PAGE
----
Showing posts from September, 2021
The National Observer What runs through your mind when you’re deciding which toilet paper to buy? Sale price, roll size, pitiful single-ply or luxurious triple? Climate change might not make your list of considerations, but it should. Story here. Please also watch this video. "Truth in Advertising - a TV commercial as it should be"
- Other Apps
Nature Bushfire East of Lake Dundas, Western Australia. Photo by Pierre Markuse The 2019–2020 Australian wildfires released more than twice as much CO2 as previously reported on the basis of different fire inventories, reports a Nature paper. An independent study also published in Nature , suggests that aerosol emissions from these wildfires are likely to have fuelled vast plankton blooms thousands of kilometres away in the Southern Ocean. The findings highlight the complex links between wildfires, ecosystems and the climate. Climate-change-driven droughts and warming play a role in increasing the frequency and intensity of wildfires, which release CO2 into the atmosphere, potentially driving further climate change and increasing the risk of wildfires. In the summer season of 2019–2020, around 74,000 km2 — an area roughly equivalent to 2.5 times the area of Belgium — burned in the eucalyptus forests in the coastal regions of Victoria and New South Wales, Australia. These wildfi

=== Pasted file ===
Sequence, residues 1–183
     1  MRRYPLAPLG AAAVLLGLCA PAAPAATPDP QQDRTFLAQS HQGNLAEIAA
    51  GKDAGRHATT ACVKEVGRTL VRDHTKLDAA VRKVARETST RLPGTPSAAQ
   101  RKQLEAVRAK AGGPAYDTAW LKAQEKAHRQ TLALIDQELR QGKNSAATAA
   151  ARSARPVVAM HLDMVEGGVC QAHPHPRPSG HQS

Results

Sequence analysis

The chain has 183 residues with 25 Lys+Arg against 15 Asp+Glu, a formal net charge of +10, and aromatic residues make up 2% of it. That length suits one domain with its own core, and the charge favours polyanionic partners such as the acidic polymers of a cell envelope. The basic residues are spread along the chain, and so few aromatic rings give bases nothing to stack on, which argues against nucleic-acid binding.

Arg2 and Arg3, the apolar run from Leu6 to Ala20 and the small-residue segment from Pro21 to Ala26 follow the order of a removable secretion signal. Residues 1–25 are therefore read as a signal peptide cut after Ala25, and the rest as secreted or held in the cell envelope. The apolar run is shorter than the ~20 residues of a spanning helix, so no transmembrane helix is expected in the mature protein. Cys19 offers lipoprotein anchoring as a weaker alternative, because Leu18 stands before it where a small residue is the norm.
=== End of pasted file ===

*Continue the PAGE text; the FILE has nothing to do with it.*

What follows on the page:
- Other Apps
Nature The Amazon - Manaus, Brazil. Photo by Bruno Kelly The Amazon Basin has a vital role in regulating the Earth’s climate and is home to 10% of all known species. Degradation of the forest threatens the resilience of this ecosystem; around 21–40% of the forest cover is predicted to be lost by 2050, which will have large impacts on Amazonian biodiversity. To better understand these impacts, Xiao Feng and colleagues investigate how forest fires have been affecting the geographic range of 11,514 plant species and 3,079 animal species over the past two decades.Up to 85% of species listed as threatened in the Amazon may have lost a substantial portion of their habitat owing to deforestation and fires in the past two decades, a study in Nature indicates. It is estimated that for every 10,000 km2 of forest that is burned, about 27–37 additional plant species and about 2 or 3 more vertebrate species that have more than 10% of their range in the Amazon will be affected. As fires move clos